"If somebody told me he'd do what he did for us last year, maybe steal a few more bags,'" manager Jim Leyland said about Jackson, his starting centerfielder. "I'd be thrilled."
Jackson -- who stole 49 bases in his first two season combined, doesn't consider himself a true base stealer.
But Jax does understand how important it is, especially batting in the leadoff spot. "In certain situations, I can be more aggressive and think the game,'' he said. "And the situation of the game will dictate how aggressive I'll be on the base paths."
Jackson, who admitted he was tentative last season, says he can't do that this year. He only stole 12 bases and was caught nine times. That's a terrible ratio for a guy with wheels. "Taking them when I can is something I need to be more aware of,'' he said. "But I think the game will dictate a lot.''
You can understand why Leyland would love to get more use out of Jackson's speed. Plus, the Tigers, despite all the lumber in the lineup, had dry spells scoring runs. No one can forget their four-game sweep by the San Francisco Giants in the World Series. The Tigers couldn't buy a run, scoring just twice in four games.
Leyland's thinking is simply to get Jackson in scoring position and there's a good chance Torii Hunter, Miguel Cabrera or Prince Fielder can knock him in.
"I can steal bases,'' said Jackson, 26. "I've stolen 20 plus bags which I don't think is that bad.
"Last year was one of those tough times where I just wasn't as comfortable with as I have been in the past.''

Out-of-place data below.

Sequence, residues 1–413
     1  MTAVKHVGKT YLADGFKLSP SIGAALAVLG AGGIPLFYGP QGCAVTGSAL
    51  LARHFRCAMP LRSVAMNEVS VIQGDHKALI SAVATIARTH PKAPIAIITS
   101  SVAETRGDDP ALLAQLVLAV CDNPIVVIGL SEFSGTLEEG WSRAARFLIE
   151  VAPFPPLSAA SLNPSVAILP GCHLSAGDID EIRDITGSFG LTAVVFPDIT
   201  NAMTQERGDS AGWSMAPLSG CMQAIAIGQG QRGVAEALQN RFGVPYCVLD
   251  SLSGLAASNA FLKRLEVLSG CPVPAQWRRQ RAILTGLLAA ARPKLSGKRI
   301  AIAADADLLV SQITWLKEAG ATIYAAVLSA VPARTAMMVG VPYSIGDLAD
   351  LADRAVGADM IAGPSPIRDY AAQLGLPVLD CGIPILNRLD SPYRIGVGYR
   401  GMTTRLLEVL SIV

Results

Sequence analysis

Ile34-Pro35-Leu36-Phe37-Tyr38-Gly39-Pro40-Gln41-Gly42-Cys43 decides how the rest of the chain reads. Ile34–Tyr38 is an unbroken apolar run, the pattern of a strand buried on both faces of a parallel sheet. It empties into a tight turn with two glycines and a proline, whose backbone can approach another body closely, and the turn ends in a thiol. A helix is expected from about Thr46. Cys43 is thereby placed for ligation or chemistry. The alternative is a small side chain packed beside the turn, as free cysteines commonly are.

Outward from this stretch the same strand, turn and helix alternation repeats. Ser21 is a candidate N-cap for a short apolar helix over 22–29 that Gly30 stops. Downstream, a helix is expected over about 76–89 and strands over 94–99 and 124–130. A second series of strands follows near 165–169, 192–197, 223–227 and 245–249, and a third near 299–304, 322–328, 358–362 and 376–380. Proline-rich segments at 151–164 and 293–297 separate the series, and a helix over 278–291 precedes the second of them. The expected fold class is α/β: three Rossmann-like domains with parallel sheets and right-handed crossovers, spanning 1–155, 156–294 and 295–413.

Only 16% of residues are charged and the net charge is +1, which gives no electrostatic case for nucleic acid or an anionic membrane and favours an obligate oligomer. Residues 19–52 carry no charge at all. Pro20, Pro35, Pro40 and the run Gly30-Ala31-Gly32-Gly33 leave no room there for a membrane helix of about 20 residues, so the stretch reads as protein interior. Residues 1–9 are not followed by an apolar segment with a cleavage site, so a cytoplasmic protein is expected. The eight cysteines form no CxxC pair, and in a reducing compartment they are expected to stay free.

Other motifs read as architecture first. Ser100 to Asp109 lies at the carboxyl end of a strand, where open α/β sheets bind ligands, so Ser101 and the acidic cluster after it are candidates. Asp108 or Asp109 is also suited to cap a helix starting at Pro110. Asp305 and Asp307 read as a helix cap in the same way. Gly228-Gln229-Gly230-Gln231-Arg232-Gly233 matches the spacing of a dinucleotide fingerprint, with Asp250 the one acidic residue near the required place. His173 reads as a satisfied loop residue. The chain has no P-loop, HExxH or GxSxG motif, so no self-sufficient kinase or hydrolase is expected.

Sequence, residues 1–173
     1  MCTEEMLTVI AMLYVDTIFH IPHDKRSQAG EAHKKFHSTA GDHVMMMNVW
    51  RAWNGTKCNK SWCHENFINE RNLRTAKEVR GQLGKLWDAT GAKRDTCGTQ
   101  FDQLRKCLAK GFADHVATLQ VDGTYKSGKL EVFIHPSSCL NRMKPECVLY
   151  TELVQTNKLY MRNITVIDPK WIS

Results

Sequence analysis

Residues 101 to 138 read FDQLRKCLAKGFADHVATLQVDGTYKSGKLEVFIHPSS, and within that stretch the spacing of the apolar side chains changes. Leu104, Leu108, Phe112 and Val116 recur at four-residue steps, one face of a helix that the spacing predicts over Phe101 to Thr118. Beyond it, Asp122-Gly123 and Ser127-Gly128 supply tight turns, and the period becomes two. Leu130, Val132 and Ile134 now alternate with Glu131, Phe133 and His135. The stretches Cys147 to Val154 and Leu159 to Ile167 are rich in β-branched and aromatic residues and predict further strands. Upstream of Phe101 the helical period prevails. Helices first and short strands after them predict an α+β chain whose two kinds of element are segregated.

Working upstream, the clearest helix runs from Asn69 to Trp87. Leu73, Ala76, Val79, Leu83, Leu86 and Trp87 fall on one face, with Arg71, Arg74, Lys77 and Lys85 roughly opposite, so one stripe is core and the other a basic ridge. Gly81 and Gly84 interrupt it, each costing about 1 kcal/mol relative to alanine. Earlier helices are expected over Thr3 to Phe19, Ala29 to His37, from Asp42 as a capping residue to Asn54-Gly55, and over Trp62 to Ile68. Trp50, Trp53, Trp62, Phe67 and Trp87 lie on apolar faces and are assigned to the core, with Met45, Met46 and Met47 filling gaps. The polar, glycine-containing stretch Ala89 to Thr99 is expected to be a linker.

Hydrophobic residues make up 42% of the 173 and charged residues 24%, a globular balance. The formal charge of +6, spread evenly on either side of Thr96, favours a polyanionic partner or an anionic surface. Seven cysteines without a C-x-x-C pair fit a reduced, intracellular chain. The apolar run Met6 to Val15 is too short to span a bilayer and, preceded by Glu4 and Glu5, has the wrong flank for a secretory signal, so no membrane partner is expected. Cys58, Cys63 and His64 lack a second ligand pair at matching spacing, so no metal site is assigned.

Jackson said it's like pitching and hitting.
"You kind of get out of sync with it a little bit,'' he said. "I was just between a lot last year rather than being aggressive. You can't be like that when you're out there. If you hesitate, you're out.''
Base-running aside, the Tigers believe the centerfielder has turned the corner and is heading for stardom.
And with good reason.
Jackson, who was doing way too much swinging-and-missing his first two years in the majors, not only cut down on his strikeouts, but he also surprised many by batting .300 with 16 homers and 66 RBI.
"He survived the freshman year, the sophomore year and the junior year,'' Leyland said. "Now he's ready to be consistent, a good major league player that can get a little bit better.''
Jackson had a bad second year, batting .249 with 181 punch outs. "I made some good strides last year,"' said Jackson with three full seasons under his belt.
Jackson credits most of his new success at the plate on changing his leg kick. "If I can continue to make the necessary adjustments with that, I can go out there and try to do the same thing anyway,'' he said.
For sure, Jackson hasn't looked like the same hitter so far this spring. Jackson is batting .229 with a homer and two RBI.
But it's only the spring, not a place to worry about numbers for a starting player with his job solidly in his back pocket.
Last season was important because batting .300 was a milestone, a measure of where you are as a major league hitter. Many guys play in the big leagues for years and never reach that plateau in a single season.
"It was big especially because I got a few hits the last game of the season to get there,'' he said.
Jackson was more pleased that he hit .300 than lowering his strikeouts. He went from 181 Ks to just 134 last season. "Strikeouts are going to come,'' he said. "It's something I'll be able to cut down over the years hopefully with getting more at-bats. Hitting .300 after kind of struggling my second year was a big thing to me.''
The next step for Jackson is a stellar year on the bases.